When I wanted to get some detail about the songwriting scene in Philly (my sister’s town and now only 1.25 hours from my house!), I turned to someone who I know would be expert in the ins-and-outs: Dena Marchiony, co-founder (with Stu Shaines) of the Philadelphia Songwriters Project, which was created in 2002 to offer showcasing, education and networking opportunities for local and regional songwriters — going forward, look out for new online options as well. Here’s what she had to say about the Philly songwriting scene:
Q: How would you describe the songwriting scene in Philadelphia?
A: I think it has developed into an amazing scene — that was really one of the reason we started the Philadelphia Songwriters Project. When we started, there were basically two places to play, the Tin Angel and The Point. That was it. People were starving for opportunities to places to play that wasn’t a bar. Over the years, lots of places have sprung up, so there are many wonderful venues and opportuniites, great open mics. Somebody could have 2-3 open mics to play at 7 nights a week, they could easily fill their dance card. And there are all different kinds of venues — coffeehouses, mid-size venues, etc.
Q: What are some really songwriter-friendly venues to play at in Philly?
A: Well, there’s Burlap & Bean in Newtown Square; Puck in Doylestown; Milkboy is on the Main Line; Chaplain’s in Spring City; then there’s the Kennett Flash in Kennett Square, an amazing venue, and of course World Cafe Live, Tin Angel, a bunch of places downtown. There is so much, really, there is no paucity here, just riches of opportunity.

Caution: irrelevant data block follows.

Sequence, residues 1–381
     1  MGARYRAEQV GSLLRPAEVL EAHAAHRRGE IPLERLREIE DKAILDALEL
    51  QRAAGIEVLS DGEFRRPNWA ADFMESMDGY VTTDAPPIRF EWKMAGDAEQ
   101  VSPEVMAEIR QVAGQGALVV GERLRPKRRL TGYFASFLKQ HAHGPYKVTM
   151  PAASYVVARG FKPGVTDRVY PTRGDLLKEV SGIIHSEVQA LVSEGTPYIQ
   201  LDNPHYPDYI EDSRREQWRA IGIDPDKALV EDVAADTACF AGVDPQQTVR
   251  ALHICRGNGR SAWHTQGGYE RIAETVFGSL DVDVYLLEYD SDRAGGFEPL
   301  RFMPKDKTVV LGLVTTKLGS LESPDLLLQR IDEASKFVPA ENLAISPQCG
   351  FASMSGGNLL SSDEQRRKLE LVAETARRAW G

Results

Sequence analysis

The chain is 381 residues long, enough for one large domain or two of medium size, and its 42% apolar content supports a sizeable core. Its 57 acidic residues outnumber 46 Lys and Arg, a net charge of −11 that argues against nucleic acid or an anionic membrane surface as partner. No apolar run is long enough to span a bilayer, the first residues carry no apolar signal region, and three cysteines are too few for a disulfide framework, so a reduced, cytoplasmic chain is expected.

Q: What if you are just starting out, are there a couple of open mics I should really get to?
A: I would say World Cafe Lie has a good open mic; Milkboy has an open mic, Steel City Coffeehouse has one…I think Burlap & Bean…
Q: Are there some songwriters that have really seen success coming out of Philly?
A: If we talk about people who have played for the Philadelphia Songwriters Project and ended up doing extremely well, we can start with Amos Lee. Then there’s Birdie Busch, Adrien Reju, Andrew Lipke, and Mutlu. Mutlu was discovered at one of our shows, his career skyrocketed after that appearance.
Q: So a lot of songwriter stuff has come out of Philly.
A: Definitely — that’s just talking about singer-songwriters, not even talking R&B or hip-hop, it’s a crazy amazing scene. Philly had such an inferiority complex, we wanted people to know they didn’t have to go to New York, Philly should just get over it and just be Philly. We saw people would always to to New York because that was the center of the universe. Our intention was to move the center of the universe. Philadelphia Songwriters, interesting enough, is not genre-specific — we do deal with a lot of types of music.